Mid-City is a neighborhood in New Orleans, LA. Mid-City is known for its diverse population, and its many beautiful old homes and semi-detached cottages.
Mid-City is a residential area with older, modest homes built mostly in the early to mid-1900s, with newer townhomes and condominiums mixed in. It has a relatively high crime rate but it is becoming safer due to increased police patrols.
Mid-City is home to the New Orleans Country Club, which houses the Golf Club of Louisiana. The neighborhood also holds the historic “Ellis Marsalis Center for Music”.
Mid City has its own historic district located off of South Carrollton Avenue between South Claiborne Avenue and South Broad Street. The neighborhood was divided into North Mid City and South Mid City in the 1920s when Robert E. Lee Boulevard was extended through it, dividing it into two distinct neighborhoods. The area consists of shotgun houses that were constructed in the late 19th century to early 20th century. Many have been abandoned or neglected since Hurricane Katrina struck in 2005.
New Orleans is known for its rich cultural heritage, which is especially evident in the city’s art and music scenes. New Orleans’ culture of music is perhaps best exemplified by the iconic French Quarter, where visitors can take in the sights while listening to street musicians play a variety of tunes from jazz to blues to funk.
First inhabited by Native Americans at least 5,000 years ago, New Orleans was founded as a French colony in 1718. It quickly became one of the wealthiest cities in North America due to its strategic location along the Mississippi River and its access to major ports. The French Quarter is home to many historic buildings, including Jackson Square and Saint Louis Cathedral.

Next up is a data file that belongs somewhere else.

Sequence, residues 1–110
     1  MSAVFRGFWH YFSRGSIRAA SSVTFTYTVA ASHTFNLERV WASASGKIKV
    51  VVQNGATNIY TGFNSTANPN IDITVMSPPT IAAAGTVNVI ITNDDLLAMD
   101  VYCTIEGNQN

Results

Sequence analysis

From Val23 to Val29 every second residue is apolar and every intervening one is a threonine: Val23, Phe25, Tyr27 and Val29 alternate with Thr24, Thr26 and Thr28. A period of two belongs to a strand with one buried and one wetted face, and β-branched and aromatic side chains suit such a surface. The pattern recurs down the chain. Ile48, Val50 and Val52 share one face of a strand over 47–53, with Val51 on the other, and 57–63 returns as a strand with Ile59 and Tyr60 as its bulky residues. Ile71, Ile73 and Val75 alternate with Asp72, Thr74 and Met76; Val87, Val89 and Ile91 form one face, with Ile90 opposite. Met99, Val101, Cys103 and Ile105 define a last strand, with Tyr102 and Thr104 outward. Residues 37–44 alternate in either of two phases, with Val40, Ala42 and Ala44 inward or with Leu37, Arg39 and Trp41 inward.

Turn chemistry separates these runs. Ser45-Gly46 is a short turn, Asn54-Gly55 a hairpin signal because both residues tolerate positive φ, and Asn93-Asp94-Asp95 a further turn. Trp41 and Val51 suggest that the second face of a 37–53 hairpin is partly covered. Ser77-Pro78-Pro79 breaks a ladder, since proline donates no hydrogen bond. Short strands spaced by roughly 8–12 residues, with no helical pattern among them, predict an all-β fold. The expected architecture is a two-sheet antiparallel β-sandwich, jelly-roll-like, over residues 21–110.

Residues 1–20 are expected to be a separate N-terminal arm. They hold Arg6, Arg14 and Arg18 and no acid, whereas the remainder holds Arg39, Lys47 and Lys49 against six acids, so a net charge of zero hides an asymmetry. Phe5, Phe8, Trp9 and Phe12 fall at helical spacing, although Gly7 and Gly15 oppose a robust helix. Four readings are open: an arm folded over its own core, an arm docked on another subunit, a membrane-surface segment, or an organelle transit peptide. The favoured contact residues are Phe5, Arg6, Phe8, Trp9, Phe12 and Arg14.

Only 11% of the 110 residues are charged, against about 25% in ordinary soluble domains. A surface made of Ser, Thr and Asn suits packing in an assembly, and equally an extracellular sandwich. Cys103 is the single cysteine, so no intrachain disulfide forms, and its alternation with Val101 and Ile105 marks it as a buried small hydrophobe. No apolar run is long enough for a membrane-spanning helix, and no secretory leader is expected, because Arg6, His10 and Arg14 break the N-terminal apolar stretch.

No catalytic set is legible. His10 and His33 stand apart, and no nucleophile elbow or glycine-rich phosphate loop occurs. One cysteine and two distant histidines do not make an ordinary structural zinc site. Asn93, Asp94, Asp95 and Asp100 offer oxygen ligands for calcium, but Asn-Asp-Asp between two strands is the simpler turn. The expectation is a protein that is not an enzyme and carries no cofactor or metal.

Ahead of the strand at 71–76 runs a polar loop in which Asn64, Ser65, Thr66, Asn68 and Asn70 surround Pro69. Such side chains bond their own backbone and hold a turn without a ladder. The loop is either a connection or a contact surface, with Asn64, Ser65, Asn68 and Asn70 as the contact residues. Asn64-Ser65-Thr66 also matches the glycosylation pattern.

Mid-City is a neighborhood of the city of New Orleans. The Mid-City neighborhood is located at the geographical center of the city, hence its name. It is bounded by City Park Avenue to the north, Florida Boulevard to the south, Leon C. Simon Drive to the east and Canal Street to the west.
The area was developed in the early 20th century as streetcar suburbs on both sides of Canal Street between City Park Avenue and South Claiborne Avenue. It has long been one of the most diverse neighborhoods in New Orleans.
Mid-City was one of the hardest-hit areas during Hurricane Katrina (2005) due to its low elevation and proximity to Orleans Parish’s drainage canals. Most houses in Mid-City were built before World War II and have not had major renovations over time which made them more vulnerable following Katrina’s storm surge.
After Katrina, Mid-City began a period of rapid redevelopment with new housing developments cropping up all over Mid-City including the Uptown area along Florida Boulevard near Lake Pontchartrain. However, development has slowed since 2008 due to the late 2000s recession.